Do You Know Where Your Data Is?

November 1, 2012 by Heather McIlvaine 0

Photo: istockphoto.com

Amazon customers, eBay sellers, and users of the Payback customer loyalty card (widespread in Germany, Poland, and India) know the routine: You are suddenly inundated by advertising e-mail and flyers for products that you don’t care about. That was yesterday. As companies now have access to more and more precise information on customers, they are learning to use it new ways. Moreover, many companies have realized that if they want to be successful in the long term, they must ask customers what they are allowed to do with their data first.

What do customers get out of it?

“There is an underlying fear that the data could be misused,” states Björn Bloching, co-author of a book on the subject, called “Data Unser”. “But there are still millions of Payback cards out there”. And millions of times each day, the intelligent IT systems at BigBazaar hypermarket outlets, Foodhall grocery stores, and anyone else integrated in the Payback system keep track of who buys which products and for how much. The cardholders regularly receive vouchers offering five, ten, or even twenty percent off various products. No Payback user would jump ship in light of such rewards. “Of course, the analyses of buying patterns are tremendously valuable to the companies,” says the Hamburg-based marketing expert at Roland Berger Bloching. What do people buy in the morning or after work? What are the preferred products in small towns or in large metropolitan areas? Shopping patterns also provide specific leads for additional business. If someone buys several Matchbox cars for their children in the toy department, they are sent an ad for a slot-car racing track.  Bloching calls this “cross-selling potential”.

In another example, Groupe Casino and SAP are currently rolling out the “Apollo” project in French hypermarkets. Shoppers log on to a smartphone app to identify themselves and get suggestions for potentially suitable products as they walk from aisle to aisle. The app even awards spontaneous discount coupons. “Predictive analytics” is the name of this research field, now being implemented in practice. In this case, SAP says it has boosted sales by more than ten percent.

A helpful factor in utilizing these new methods is the lightning-fast analysis of huge datasets – often called “big data,” a term coined by McKinsey and IBM – with in-memory tools. The analysis of large datasets, such as giant customer files, has now become a crucial competitive factor. And a great deal of potential still lies dormant at companies. According to his experience, Bloching says, “Around ten percent of the companies currently do everything that is possible.”

Next page: Big data isn’t just for the big guns

Yet it is not only the large retail chains in the Payback system, with an estimated 15-20 million customer addresses, that are analyzing customer data. It is also companies who don’t need the highly innovative in-memory technologies, such as SAP HANA, because they simply don’t have that much data.

From BMW purchases to blood sugar readings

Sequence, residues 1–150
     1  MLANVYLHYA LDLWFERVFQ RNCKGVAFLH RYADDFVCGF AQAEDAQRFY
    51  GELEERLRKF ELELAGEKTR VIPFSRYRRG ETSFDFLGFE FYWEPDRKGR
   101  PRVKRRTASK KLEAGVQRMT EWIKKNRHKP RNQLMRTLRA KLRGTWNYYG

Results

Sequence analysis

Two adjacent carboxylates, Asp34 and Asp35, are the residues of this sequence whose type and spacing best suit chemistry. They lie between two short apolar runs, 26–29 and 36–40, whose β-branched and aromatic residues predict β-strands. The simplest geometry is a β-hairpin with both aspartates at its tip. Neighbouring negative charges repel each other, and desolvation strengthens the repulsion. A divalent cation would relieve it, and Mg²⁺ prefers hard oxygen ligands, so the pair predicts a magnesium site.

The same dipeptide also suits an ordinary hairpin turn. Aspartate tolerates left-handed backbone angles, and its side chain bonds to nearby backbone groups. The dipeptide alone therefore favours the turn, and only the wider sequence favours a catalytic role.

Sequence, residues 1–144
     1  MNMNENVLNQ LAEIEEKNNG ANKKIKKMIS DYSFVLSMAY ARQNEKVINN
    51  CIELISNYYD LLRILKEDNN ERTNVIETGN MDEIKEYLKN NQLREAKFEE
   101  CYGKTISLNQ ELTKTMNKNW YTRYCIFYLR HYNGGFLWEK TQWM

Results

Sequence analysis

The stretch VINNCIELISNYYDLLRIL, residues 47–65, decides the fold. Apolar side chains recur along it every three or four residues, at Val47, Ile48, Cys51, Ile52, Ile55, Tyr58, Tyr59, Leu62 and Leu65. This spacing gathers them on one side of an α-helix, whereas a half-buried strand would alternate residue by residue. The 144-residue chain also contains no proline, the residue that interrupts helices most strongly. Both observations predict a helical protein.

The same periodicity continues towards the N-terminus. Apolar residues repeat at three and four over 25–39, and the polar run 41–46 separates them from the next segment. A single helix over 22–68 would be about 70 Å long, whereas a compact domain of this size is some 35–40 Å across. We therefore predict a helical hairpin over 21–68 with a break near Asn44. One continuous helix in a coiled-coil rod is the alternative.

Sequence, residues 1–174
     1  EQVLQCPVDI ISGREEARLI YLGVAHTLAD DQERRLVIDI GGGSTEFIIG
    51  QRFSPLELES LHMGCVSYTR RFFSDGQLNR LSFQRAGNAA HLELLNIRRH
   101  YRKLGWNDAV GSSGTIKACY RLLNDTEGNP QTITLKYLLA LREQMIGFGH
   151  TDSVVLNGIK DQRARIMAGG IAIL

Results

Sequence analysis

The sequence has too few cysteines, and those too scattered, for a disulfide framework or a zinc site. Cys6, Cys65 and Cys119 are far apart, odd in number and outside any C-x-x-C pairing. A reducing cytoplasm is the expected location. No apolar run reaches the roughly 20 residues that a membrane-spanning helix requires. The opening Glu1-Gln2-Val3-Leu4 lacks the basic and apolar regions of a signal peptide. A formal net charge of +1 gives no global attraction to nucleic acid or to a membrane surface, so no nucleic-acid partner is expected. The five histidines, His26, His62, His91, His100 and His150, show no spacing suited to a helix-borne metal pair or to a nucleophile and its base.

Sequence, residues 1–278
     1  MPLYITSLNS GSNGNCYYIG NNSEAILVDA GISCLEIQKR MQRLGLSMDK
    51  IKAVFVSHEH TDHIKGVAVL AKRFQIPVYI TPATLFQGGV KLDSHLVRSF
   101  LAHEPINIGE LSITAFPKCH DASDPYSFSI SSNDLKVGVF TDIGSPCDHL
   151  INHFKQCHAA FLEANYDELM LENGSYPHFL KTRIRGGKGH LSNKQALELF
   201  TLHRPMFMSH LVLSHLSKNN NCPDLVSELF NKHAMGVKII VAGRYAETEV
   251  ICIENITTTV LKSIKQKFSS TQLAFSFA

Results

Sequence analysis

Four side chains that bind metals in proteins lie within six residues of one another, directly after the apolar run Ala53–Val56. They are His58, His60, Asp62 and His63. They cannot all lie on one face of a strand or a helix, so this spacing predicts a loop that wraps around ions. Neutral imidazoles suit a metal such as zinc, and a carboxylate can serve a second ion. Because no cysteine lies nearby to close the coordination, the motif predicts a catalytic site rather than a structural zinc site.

A customer journey requires just 30 or so criteria to determine how someone arrives at a purchase, claims the Bloching. When BMW presents its new 3 Series, it distributes prospects. A customer then finds more information in the Internet and prints it out, or reads test reports in car magazines. “He also configures his dream care in the configurator, saves it, and books a test drive,” explains Bloching. Then he follows the development and debates in blogs and forums. “With this,” Bloching is convinced, “we have captured 80 percent of the purchasing motivators.” Last but not least, some of the customers can be tracked in the Internet and customer data can be obtained from various channels.  Entirely without in-memory systems.

The medical technology sector can also benefit from tracking customer or patient behavior. “Ideally, the customer benefits as well,” says Bloching. Take diabetics, for example: transmitting the patients’ blood sugar medicines electronically, recording movements and eating patterns, and combining them with doctors’ diagnoses on the course of the illness could help to avoid long-term damage through better therapy recommendations.

But not all customers are willing to submit this data. The fear that personal, private information could be mined further, or even sold to third parties, is too great. Customer data is a valuable resource – especially in an era in which Facebook CEO Mark Zuckerberg has announced the “end of privacy” for its more than a billion members, apps like Whatsapp pass on personal data without asking, and every eBay sale ends with a flood of spam mail in the seller’s mailbox.

Data misuse is a fatal mistake for companies

Ultimately, trustworthiness is the key word that will determine whether analyzing customer data – with or without in-memory tools – will benefit a company. Hamburg-based mail order giant Otto, for example, printed and distributed its catalogs to 15-20 million recipients for decades. In today’s digital age, the 15-20 million data records Otto has in its system provide the company with an attractive opportunity to share the address data and other insights with other companies. Smartphone users also leave valuable trails with their providers – O2, Deutsche Telekom, and Vodafone – providing location information when they are on the go. “This information could be very interesting for companies looking for a location for a new promotion,” says Bloching.

The temptation to make quick deals is certainly present. But it won’t help the company at all if their customers feel betrayed. In Bloching’s words, “A company that misuses its customers’ data will only survive another year at most.”

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